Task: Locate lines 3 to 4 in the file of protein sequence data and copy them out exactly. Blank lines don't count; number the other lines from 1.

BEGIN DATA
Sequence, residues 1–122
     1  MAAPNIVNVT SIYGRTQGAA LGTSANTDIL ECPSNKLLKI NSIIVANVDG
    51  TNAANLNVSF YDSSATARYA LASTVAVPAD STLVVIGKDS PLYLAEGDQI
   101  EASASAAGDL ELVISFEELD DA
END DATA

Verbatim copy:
    51  TNAANLNVSF YDSSATARYA LASTVAVPAD STLVVIGKDS PLYLAEGDQI
   101  EASASAAGDL ELVISFEELD DA